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Kirkstone Pass turbines switched on for first time
WIND turbines have been switched on at the Kirkstone Pass Inn in an historic first for the Lake District National Park.
A special ceremony took place after the LDNPA's development control committee passed the first ever cluster of wind turbines in the national park at a meeting in December.
It means that hundreds of tonnes of carbon will no longer be pumped into the atmosphere through diesel-consuming generators, which cost the pub £30,000 a year to run and around £10,000 a year to replace and repair.
John Jennings, landlord of the pub, said the fuel costs prompted him to put the pub on the market three years ago but he could not sell the Kirkstone Pass Inn because prospective owners did not want to take on the cost of the generators.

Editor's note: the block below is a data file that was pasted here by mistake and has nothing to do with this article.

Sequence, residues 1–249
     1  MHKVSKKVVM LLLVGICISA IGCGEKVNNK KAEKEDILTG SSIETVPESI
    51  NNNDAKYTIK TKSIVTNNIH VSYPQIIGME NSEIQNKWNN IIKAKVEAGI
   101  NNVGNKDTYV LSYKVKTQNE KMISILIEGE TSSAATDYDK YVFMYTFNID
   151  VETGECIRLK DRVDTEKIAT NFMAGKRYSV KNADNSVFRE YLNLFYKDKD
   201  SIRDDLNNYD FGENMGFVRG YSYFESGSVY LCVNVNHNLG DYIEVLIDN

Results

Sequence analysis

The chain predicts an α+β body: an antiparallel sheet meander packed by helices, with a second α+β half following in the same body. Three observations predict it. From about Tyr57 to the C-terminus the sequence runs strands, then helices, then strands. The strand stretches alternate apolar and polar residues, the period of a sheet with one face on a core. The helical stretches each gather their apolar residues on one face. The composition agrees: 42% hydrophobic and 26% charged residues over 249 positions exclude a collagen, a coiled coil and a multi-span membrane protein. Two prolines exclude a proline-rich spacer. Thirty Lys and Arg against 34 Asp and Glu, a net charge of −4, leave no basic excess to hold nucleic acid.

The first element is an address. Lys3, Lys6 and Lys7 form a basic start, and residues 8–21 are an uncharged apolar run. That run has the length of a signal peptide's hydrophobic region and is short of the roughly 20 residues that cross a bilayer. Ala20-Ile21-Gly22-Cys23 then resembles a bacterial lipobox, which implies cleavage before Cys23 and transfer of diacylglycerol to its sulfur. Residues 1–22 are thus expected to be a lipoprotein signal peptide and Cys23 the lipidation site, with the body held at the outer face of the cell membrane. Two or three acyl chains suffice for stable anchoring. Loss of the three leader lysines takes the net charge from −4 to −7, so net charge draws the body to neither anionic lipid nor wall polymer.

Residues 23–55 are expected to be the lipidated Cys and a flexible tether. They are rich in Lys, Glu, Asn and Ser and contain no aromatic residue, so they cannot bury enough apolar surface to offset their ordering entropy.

Now, however, his son-in-law Roy Green and daughter, Claire, will take on the running of the pub.
“There are one or two applications that the LDNPA receives which are really ones for the future, and this is certainly one of them,” said chief executive of the LDNPA Richard Leafe, who conducted the formal switch-off of the costly generators.
“It's been a truly marvellous effort from the team here.
“This application does not mean that we are going to cover the national park with wind turbines but there are examples where we need renewable energy and we want to create a low-carbon Lake District.”
Mr Jennings said he was delighted that the £150,000 wind turbines project had come to fruition.